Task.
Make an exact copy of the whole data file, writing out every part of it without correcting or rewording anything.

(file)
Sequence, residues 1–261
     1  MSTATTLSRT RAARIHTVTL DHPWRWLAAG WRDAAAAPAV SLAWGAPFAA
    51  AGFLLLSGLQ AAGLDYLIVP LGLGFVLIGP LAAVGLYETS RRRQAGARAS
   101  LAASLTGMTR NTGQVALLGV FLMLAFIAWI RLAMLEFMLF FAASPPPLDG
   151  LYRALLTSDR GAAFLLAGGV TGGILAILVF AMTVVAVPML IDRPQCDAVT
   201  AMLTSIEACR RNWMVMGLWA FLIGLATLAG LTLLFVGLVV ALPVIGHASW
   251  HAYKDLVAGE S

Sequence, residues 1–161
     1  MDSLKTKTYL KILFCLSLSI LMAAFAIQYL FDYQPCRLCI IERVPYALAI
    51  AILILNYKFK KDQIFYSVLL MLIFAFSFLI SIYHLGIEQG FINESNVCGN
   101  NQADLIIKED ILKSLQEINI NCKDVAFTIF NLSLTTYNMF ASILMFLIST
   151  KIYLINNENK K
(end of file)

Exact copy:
Sequence, residues 1–261
     1  MSTATTLSRT RAARIHTVTL DHPWRWLAAG WRDAAAAPAV SLAWGAPFAA
    51  AGFLLLSGLQ AAGLDYLIVP LGLGFVLIGP LAAVGLYETS RRRQAGARAS
   101  LAASLTGMTR NTGQVALLGV FLMLAFIAWI RLAMLEFMLF FAASPPPLDG
   151  LYRALLTSDR GAAFLLAGGV TGGILAILVF AMTVVAVPML IDRPQCDAVT
   201  AMLTSIEACR RNWMVMGLWA FLIGLATLAG LTLLFVGLVV ALPVIGHASW
   251  HAYKDLVAGE S

Sequence, residues 1–161
     1  MDSLKTKTYL KILFCLSLSI LMAAFAIQYL FDYQPCRLCI IERVPYALAI
    51  AILILNYKFK KDQIFYSVLL MLIFAFSFLI SIYHLGIEQG FINESNVCGN
   101  NQADLIIKED ILKSLQEINI NCKDVAFTIF NLSLTTYNMF ASILMFLIST
   151  KIYLINNENK K